Striped cardigan for 3-4 year old girl

Striped cardigan (George and Annabel’s cardigan from Debbie Bliss’s book Eco Family, 2010)

The unusually intense heat of the beginning of this week (6 days of over 34 degrees C) has left me with little energy for getting the sewing machine out and making up the white linen cushion covers that are so near to being finished. Sweaty hands are even less good at handling embroidery threads than sewing machines, so embroidery too has been put to one side. Thank goodness for having this little cardigan in need of just its neckband, the joining of seams and the sewing on of buttons.

Striped cardigan (George and Annabel’s cardigan from Debbie Bliss’s book Eco Family, 2010)

Once again a Debbie Bliss pattern and one I’ve used before, simple and satisfying to make. I particularly like the fit of the semi set-in sleeves and the V neck is just the right height, not so low as to fall off the shoulders when fastened and not so high as to irritate at the neck. The pattern, called George and Annabel’s Cardigan from the book Eco Family, recommends DB’s Eco Baby yarn, but as the tension is the same as for her Baby Cashmerino  I could use yarn I already had. Here is another I made a couple of years ago, this one in coral with a Fair Isle band. I’m not sure about the buttons for this stripey cardigan (little stencilled flowers on coconut shell bought a couple of years ago from Ray Stitch) which I veer between loving and thinking they don’t work. I haven’t yet sewn them on.

Detail: Striped cardigan (George and Annabel’s cardigan from Debbie Bliss’s book Eco Family, 2010)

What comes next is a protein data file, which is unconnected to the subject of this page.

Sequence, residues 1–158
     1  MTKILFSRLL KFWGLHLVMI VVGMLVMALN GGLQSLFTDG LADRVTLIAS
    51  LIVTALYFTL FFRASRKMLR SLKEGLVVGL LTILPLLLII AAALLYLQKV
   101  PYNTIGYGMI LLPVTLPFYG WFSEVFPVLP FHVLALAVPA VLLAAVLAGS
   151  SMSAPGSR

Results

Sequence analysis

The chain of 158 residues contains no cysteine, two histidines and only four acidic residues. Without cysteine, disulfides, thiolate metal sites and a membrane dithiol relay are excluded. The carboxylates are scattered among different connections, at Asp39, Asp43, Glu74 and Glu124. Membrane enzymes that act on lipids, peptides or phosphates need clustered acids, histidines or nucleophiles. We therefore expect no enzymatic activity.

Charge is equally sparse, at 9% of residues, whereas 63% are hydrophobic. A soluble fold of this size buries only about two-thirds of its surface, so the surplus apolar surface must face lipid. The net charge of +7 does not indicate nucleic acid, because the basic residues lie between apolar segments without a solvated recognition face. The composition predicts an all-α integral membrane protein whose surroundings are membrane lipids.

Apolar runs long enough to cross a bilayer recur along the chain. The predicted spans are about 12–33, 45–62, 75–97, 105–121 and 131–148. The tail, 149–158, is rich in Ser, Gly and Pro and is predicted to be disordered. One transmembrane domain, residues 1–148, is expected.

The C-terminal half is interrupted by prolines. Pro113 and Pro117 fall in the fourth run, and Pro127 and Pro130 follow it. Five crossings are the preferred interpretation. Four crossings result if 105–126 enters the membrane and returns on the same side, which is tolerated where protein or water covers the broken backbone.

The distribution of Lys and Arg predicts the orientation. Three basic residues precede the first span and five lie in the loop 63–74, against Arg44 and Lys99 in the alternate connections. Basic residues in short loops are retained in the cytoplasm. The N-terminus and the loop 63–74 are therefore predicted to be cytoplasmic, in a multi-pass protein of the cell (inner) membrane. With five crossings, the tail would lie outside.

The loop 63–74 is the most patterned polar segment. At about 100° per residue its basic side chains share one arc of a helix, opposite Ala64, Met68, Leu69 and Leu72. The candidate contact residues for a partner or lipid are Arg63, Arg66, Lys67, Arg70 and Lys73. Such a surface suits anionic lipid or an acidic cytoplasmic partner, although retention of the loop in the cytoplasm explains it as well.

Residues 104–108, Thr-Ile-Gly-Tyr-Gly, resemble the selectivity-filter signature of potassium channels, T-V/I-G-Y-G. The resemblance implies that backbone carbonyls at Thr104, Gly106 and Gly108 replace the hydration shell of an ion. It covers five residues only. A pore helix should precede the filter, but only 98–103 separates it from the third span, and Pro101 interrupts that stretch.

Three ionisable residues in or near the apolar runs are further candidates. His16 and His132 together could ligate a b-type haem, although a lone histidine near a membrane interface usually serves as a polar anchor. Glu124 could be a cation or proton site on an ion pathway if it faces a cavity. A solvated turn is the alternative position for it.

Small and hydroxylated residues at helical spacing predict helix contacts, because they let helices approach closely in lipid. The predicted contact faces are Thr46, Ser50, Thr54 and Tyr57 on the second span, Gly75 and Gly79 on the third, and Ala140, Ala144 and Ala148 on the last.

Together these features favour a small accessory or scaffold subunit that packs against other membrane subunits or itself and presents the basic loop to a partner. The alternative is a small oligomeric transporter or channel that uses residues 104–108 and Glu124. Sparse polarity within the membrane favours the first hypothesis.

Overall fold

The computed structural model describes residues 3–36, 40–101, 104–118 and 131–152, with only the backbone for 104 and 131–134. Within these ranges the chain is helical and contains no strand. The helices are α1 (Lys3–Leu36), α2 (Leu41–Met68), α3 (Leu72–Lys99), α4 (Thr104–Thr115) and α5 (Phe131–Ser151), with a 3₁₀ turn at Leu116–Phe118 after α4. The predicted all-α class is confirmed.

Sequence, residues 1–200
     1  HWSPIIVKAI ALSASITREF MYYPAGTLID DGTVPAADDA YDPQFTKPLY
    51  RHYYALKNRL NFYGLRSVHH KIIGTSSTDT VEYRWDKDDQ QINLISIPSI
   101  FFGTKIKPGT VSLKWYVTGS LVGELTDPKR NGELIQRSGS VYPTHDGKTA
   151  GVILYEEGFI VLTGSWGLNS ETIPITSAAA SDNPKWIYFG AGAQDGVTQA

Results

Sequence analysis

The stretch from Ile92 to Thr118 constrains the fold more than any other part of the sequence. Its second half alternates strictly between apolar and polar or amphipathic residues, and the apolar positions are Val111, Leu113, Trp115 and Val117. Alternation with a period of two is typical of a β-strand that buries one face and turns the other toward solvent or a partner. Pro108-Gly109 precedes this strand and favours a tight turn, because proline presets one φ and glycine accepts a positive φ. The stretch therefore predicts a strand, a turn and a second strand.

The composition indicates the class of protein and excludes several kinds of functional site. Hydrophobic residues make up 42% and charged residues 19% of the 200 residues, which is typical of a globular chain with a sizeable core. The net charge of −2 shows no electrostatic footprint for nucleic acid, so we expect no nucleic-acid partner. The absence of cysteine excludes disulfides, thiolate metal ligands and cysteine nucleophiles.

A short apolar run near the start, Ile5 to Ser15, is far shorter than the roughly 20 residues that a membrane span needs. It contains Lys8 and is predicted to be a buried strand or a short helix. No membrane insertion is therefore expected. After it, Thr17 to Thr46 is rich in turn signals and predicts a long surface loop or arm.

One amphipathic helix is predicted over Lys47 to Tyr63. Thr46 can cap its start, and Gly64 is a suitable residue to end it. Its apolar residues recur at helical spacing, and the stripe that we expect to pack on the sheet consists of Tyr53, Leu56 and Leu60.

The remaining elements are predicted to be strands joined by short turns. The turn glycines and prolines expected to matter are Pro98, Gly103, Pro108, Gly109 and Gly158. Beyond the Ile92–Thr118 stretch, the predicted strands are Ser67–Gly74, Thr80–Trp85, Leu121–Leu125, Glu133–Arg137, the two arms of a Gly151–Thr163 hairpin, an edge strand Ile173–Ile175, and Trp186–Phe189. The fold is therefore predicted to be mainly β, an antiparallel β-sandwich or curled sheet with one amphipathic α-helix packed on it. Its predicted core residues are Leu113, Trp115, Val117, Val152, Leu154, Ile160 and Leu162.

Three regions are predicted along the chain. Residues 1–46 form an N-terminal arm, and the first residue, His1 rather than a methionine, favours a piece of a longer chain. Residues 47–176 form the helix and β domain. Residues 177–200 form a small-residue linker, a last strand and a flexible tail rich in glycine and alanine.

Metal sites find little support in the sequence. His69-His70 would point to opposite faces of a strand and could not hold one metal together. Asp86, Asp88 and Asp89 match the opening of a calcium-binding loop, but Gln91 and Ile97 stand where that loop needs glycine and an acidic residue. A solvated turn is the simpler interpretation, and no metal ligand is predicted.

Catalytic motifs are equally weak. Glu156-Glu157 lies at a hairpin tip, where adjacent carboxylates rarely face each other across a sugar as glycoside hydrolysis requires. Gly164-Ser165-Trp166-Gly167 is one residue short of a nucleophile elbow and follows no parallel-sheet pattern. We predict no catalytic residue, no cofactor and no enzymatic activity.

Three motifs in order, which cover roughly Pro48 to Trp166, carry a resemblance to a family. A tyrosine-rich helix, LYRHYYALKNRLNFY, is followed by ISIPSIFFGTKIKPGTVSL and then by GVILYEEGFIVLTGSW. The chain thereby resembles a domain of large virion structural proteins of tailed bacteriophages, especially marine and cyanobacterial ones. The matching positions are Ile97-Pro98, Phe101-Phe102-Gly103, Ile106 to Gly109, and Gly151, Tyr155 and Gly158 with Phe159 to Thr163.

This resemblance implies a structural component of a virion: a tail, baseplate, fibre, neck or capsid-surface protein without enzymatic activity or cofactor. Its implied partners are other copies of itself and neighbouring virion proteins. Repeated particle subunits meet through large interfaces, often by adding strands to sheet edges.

As we hunker down in our homes and real human interaction is limited I spend more and more time scouring interesting things from The Times, which thankfully is still delivered to our door by human hands at 7.20 almost precisely on a weekday. I particularly enjoy little regular unheralded columns which come with no blazing headlines or photographs and can be found in exactly the same part of the paper as they have for ever – well, for a long time. Recently I’ve noticed that Nature Notes, for years written by Derwent May is now on alternating days attributed to two other Times writers. May is now 90, so I hope he’s chosen to retire and wish him good health. I do, however, miss him. I also enjoy Paul Simons’ Weather Eye, a long thin column buried deep within the less frequented pages of the paper. Simons is always interesting and often enlightening about weather phenomena, like unusual cloud formations or the fact that Britain does have plenty of earthquakes, it’s just that they are never very big. I’ve also been following letters in the paper after a piece on August 10 by Benedict King “Good riddance to insanely expensive cathedral powers (no, “choirs” not “powers” – only just noticed this – was it me or auto-correction? Hurrumph!) I am, however,  happy to report that Times Readers are bashing King’s negativity to the boundary with intelligent and informed sweeps of counter argument and reminding us of the impact of the British choral tradition on the global music  industry, from rock and pop, to opera and classical music (not to mention cricket – sir Alastair Cook was a choral scholar at St Paul’s Cathedral!).